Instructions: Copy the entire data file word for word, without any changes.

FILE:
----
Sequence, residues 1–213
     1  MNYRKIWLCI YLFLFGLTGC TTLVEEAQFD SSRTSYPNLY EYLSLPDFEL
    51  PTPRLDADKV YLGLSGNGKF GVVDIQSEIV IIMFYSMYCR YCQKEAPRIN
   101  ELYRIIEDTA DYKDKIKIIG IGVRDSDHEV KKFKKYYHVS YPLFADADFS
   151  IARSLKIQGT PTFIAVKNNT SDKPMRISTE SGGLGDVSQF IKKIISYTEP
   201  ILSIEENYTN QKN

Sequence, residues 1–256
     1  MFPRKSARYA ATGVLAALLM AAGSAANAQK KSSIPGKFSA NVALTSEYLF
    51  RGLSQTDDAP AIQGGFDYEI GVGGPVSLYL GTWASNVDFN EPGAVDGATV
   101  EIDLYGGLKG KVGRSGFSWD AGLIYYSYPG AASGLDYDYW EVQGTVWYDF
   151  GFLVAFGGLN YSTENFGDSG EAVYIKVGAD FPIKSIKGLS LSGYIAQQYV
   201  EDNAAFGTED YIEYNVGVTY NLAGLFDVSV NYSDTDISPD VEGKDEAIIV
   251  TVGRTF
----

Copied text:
Sequence, residues 1–213
     1  MNYRKIWLCI YLFLFGLTGC TTLVEEAQFD SSRTSYPNLY EYLSLPDFEL
    51  PTPRLDADKV YLGLSGNGKF GVVDIQSEIV IIMFYSMYCR YCQKEAPRIN
   101  ELYRIIEDTA DYKDKIKIIG IGVRDSDHEV KKFKKYYHVS YPLFADADFS
   151  IARSLKIQGT PTFIAVKNNT SDKPMRISTE SGGLGDVSQF IKKIISYTEP
   201  ILSIEENYTN QKN

Sequence, residues 1–256
     1  MFPRKSARYA ATGVLAALLM AAGSAANAQK KSSIPGKFSA NVALTSEYLF
    51  RGLSQTDDAP AIQGGFDYEI GVGGPVSLYL GTWASNVDFN EPGAVDGATV
   101  EIDLYGGLKG KVGRSGFSWD AGLIYYSYPG AASGLDYDYW EVQGTVWYDF
   151  GFLVAFGGLN YSTENFGDSG EAVYIKVGAD FPIKSIKGLS LSGYIAQQYV
   201  EDNAAFGTED YIEYNVGVTY NLAGLFDVSV NYSDTDISPD VEGKDEAIIV
   251  TVGRTF